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Time to raise inflation target? No, Federal Reserve officials say
[PALO ALTO, California] Global central bankers are having a hard time boosting economic growth and inflation to healthier levels, but raising inflation targets, as some analysts have suggested, is not the answer, Federal Reserve officials said on Thursday.
The Fed, like many central banks, targets 2.0 per cent inflation, but has struggled to get the economy growing fast enough to lift inflation to that level.
That difficulty, and similar struggles by the Bank of Japan and the European Central Bank, has raised questions about the effectiveness of monetary policy when interest rates are near zero as they have been in many countries for most of the time since the financial crisis in 2008.
One solution, raised by economists at the International Monetary Fund and elsewhere, could be to raise the inflation target.
The best idea, San Francisco Fed President John Williams said at the Hoover Institution's annual monetary policy conference on Thursday, would be for governments to institute fiscal and other policies to encourage growth.
But many nations, including the United States, have balked at increasing spending.
Until that changes, Mr Williams said, it is up to central banks to do what they can to boost employment and stabilise inflation. The Fed should target higher inflation, but should consider other approaches, including targeting a set level of economic growth, he said.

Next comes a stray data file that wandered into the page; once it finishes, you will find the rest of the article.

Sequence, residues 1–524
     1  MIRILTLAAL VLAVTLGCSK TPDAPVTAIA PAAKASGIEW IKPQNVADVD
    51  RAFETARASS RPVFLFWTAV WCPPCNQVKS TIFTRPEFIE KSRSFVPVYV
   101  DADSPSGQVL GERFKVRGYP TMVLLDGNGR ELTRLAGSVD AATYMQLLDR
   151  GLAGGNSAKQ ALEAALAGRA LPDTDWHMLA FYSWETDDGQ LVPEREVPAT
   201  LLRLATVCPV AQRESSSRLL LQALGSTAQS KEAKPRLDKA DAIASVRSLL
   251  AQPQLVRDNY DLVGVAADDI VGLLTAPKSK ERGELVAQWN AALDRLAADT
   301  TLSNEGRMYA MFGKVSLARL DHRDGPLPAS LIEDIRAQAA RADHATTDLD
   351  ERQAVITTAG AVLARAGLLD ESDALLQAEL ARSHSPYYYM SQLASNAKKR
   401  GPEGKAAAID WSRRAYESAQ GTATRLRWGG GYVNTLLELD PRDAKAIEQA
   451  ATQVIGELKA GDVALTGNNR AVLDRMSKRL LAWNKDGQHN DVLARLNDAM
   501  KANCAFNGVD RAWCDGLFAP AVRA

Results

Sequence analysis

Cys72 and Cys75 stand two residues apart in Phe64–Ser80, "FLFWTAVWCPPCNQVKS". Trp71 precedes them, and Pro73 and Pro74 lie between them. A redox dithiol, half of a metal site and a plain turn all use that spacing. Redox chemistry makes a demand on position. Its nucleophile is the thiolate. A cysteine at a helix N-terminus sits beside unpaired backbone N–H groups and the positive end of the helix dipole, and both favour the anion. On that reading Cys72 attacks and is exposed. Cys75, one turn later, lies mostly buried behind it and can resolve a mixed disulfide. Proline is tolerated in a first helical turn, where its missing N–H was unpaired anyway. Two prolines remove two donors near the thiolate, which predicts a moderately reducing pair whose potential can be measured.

Atlanta Fed President Dennis Lockhart and Dallas Federal Reserve President Robert Kaplan, who sat next to Mr Williams on the panel, also rejected the idea of raising the inflation target.
"The challenge of our times right now is becoming clear, and that is growth," Mr Lockhart said. Still, he said, raising the inflation target, which the Fed only formally adopted four years ago, is not a practical solution.
The US economy grew just 0.5 per cent last quarter on an annualised basis and 1.4 per cent the previous quarter, and inflation has run below 2.0 per cent for years.
"Low inflation is the question of our time," St Louis Fed President James Bullard said.
One problem facing central banks is that the level of interest rates that can sustain full employment and stable inflation has dropped worldwide, giving central banks less room to cut rates to offset shocks. That new reality has prompted many to keep rates low for much longer than had been expected.
Still, Mr Williams, Mr Lockhart and Mr Kaplan agreed, the Fed should start raising rates this year, though gradually.